The Ashes: Match of My Life

Published: 2013
Pages: 223
Author: Pilger, Sam and Wightman, Rob
Publisher: Pitch Publishing
Rating: 4 stars

The Ashes Match Of My Life
The Ashes: Match of My Life

Whatever the general trend across the cricket world might be when it comes to England playing against Australia the Test match is still king. It was so in the 1990s when Australia were dominant, and it remains the case now that England are on top.

The popularity of the Ashes clearly extends to a readership who are, essentially, not cricket fans at all. After all were that not the case why would we see such a proliferation of books about the history of the contest? Publishers are not fools, and I have no doubt that the various books that have appeared (or reappeared in an updated form) this summer will all have sold reasonably well.

I always pass by such books if I can, not because they are necessarily poorly written or put together, but because I already know the history of the Ashes, and no amount of humourous anecdote, much of which I will be aware of from other sources anyway, is going to hold my attention for very long. So I must confess to having approached this book, which looks like little more than a variation on a long established theme, with some diffidence.

Having gritted my teeth and picked up The Ashes: Match of My Life it was actually difficult to put down, notwithstanding that the book’s format is certainly not original. What it boils down to is the stories of fourteen men, centred in each case around a specific match. The range is the longest now possible, Neil Harvey on 1948, through to Paul Collingwood on 2010/11.

Although the individual chapters concentrate on one particular match they set that in the context of the entire series and, to a greater or lesser extent, also open up the personalities of the individual involved. All are written in the first person, and presumably ghosted by Pilger or Wightman, and the best of the chapters are those that are the most revealing about the men involved.

Outstanding for me, perhaps surprisingly given that I am an Englishman, were the chapters concerning three Australians. That which I enjoyed most was Jeff Thomson on 1974/75. I remember that series well, and the matches themselves are fully covered elsewhere, but here we learn what Thommo and his teammates were actually thinking, and the nature of the beast that in those days he quite literally was is skilfully set out. It is a shame that Tony Greig did not live long enough to see the book published – he would have delighted in reading about just how pivotal his role was in the eyes of his opponents.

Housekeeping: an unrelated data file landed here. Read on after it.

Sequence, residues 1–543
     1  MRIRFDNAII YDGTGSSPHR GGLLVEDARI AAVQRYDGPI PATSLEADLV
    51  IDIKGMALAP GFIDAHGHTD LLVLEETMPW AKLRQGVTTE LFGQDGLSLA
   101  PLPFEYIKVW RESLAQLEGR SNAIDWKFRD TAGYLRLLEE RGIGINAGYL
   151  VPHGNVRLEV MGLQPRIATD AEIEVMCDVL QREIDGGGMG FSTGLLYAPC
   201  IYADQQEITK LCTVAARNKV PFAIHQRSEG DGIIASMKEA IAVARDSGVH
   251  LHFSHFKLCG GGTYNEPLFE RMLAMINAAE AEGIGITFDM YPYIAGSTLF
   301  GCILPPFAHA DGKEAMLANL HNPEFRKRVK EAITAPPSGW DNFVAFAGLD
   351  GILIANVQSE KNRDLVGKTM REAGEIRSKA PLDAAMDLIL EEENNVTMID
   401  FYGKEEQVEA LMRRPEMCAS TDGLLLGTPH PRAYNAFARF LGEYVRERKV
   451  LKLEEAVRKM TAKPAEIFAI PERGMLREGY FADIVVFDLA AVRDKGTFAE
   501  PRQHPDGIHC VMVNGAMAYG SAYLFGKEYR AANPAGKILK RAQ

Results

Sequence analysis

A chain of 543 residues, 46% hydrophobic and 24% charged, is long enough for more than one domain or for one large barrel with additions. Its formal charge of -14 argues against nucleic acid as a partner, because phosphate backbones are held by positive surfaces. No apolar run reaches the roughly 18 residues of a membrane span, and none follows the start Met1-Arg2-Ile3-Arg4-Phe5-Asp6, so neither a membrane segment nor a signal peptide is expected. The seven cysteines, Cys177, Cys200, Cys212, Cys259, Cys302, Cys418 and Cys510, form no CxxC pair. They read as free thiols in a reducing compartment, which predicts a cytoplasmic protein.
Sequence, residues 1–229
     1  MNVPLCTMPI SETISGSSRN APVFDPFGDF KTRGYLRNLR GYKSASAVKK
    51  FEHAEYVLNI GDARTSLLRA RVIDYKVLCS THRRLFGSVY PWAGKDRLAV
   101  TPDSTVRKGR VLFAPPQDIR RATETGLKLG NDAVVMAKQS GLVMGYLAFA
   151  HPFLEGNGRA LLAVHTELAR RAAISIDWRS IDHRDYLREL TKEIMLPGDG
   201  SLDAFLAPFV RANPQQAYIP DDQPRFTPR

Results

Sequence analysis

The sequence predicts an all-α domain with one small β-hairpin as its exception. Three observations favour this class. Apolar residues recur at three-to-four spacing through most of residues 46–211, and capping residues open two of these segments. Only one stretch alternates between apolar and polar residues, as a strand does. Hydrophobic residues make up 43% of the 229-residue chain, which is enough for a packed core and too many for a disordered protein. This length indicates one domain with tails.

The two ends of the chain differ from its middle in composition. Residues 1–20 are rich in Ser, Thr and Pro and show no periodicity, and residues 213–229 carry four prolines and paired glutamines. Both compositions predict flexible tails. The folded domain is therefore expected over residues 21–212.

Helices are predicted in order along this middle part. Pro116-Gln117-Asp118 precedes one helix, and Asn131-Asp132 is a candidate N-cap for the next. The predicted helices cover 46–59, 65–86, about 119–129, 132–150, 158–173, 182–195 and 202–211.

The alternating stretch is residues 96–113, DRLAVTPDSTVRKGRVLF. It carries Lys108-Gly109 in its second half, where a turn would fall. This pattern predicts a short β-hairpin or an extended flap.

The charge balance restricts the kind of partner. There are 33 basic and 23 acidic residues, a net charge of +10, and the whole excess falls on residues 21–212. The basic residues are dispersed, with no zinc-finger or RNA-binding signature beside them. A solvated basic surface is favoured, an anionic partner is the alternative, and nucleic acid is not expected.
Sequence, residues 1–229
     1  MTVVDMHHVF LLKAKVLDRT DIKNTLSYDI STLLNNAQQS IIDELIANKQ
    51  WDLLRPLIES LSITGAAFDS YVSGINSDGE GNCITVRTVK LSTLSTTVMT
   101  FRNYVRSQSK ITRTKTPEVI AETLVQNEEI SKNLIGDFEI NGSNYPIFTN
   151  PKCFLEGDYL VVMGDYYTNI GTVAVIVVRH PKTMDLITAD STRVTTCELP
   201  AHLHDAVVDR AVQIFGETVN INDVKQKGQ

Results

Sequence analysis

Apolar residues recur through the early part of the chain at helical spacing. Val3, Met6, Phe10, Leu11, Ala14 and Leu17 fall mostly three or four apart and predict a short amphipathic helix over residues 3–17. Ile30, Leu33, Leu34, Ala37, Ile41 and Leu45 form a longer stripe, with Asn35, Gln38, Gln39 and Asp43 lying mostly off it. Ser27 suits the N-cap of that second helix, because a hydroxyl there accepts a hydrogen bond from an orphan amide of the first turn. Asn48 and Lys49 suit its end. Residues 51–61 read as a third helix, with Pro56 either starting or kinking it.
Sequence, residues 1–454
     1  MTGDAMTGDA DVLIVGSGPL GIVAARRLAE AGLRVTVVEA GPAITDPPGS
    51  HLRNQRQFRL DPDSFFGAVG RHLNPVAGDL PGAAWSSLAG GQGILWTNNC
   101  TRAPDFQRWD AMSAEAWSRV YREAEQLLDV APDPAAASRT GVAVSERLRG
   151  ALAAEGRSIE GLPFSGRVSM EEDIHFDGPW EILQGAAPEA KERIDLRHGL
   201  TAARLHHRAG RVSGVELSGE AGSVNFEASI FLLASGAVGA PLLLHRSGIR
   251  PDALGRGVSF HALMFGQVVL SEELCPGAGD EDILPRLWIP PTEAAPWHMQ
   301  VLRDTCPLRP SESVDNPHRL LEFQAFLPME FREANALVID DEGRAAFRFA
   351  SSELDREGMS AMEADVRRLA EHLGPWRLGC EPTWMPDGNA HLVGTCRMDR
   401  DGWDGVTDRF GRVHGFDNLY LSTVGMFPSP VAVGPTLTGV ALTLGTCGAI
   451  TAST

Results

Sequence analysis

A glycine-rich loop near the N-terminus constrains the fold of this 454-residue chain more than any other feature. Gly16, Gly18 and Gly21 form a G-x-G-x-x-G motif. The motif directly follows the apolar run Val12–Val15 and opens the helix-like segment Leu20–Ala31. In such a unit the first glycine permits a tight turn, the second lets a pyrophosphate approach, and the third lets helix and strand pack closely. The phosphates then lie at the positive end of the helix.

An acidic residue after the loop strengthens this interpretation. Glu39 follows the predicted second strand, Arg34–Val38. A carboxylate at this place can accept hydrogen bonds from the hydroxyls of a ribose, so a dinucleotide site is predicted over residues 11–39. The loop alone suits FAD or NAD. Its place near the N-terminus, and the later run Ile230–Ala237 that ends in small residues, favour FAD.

Big Bad Merv Hughes was a bit like Thommo, and perhaps that is why his chapter also works so well. It is true that Merv’s character is uncomplicated, and largely laid bare in the way he conducted himself on the field, but the thoughts of the fiery paceman still contain a few surprises, and show a depth to Merv’s persona that the average Englishman will have no idea about.

For all English readers of the book, save for the very young, 2005 will be their fondest memory, so it was fitting that for once there are two chapters covering that famous series. An English view is provided by Ashley Giles, but more enjoyable are the thoughts of Glenn “5-0″ McGrath. His take on the series is unavowedly aussiecentric, something in itself that is refreshing given that most who have ventured into print about that magical summer are Englishmen. I enjoyed reading about the series from a point of view that was parked well and truly in the centre of the Australian dressing room, and the chapter certainly surprised me. I had to do more than one double take at the sentence What made losing the Ashes slightly easier was the firm knowledge that we had lost to the better team. I was all ready to criticise the proof reader for missing out the crucial word “not”, until it became clear from the rest of the paragraph that “Pigeon” really did mean exactly what I had read.

Elsewhere in the book you have Ray Illingworth on 1970/71, Geoffrey Boycott on 1977, David Gower on 1985 and John Emburey on 1986/87. The inclusion of Headingley 1981 is entirely predictable and appropriate, and if I had been given a choice about who told the story it would have been Bob Willis, whose magnificent 8-43 is so rarely given even joint top billing with a certain all-rounder’s unbeaten 149, let alone the starring role I have always believed it deserved.

The Australian contingent is completed by Mark Taylor on 1989, Justin Langer on 2002/03 and Mike Hussey on 2006/07, so there are some happy memories to be rekindled for those resident in the Southern Hemisphere.

The front of the dust jacket of The Ashes: Match of My Life quotes the late Frank Keating as describing the book as One of the greatest ever books on the Ashes. I am not about to argue with the man who was one of the best scribes the game has seen. This is an excellent book, and highly recommended.

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